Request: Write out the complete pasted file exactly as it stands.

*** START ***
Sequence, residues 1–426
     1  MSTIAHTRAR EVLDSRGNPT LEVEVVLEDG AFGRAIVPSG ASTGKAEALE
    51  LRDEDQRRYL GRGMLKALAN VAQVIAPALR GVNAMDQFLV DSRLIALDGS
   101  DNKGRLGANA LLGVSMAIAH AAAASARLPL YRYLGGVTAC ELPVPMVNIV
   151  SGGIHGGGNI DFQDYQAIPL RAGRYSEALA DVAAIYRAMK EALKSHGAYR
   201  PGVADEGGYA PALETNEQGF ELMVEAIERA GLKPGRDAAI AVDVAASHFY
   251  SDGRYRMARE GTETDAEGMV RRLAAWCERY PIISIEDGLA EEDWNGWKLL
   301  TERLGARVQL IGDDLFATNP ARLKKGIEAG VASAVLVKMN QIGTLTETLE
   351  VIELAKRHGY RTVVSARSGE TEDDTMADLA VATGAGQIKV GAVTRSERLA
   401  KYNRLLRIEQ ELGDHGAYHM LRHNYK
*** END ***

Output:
Sequence, residues 1–426
     1  MSTIAHTRAR EVLDSRGNPT LEVEVVLEDG AFGRAIVPSG ASTGKAEALE
    51  LRDEDQRRYL GRGMLKALAN VAQVIAPALR GVNAMDQFLV DSRLIALDGS
   101  DNKGRLGANA LLGVSMAIAH AAAASARLPL YRYLGGVTAC ELPVPMVNIV
   151  SGGIHGGGNI DFQDYQAIPL RAGRYSEALA DVAAIYRAMK EALKSHGAYR
   201  PGVADEGGYA PALETNEQGF ELMVEAIERA GLKPGRDAAI AVDVAASHFY
   251  SDGRYRMARE GTETDAEGMV RRLAAWCERY PIISIEDGLA EEDWNGWKLL
   301  TERLGARVQL IGDDLFATNP ARLKKGIEAG VASAVLVKMN QIGTLTETLE
   351  VIELAKRHGY RTVVSARSGE TEDDTMADLA VATGAGQIKV GAVTRSERLA
   401  KYNRLLRIEQ ELGDHGAYHM LRHNYK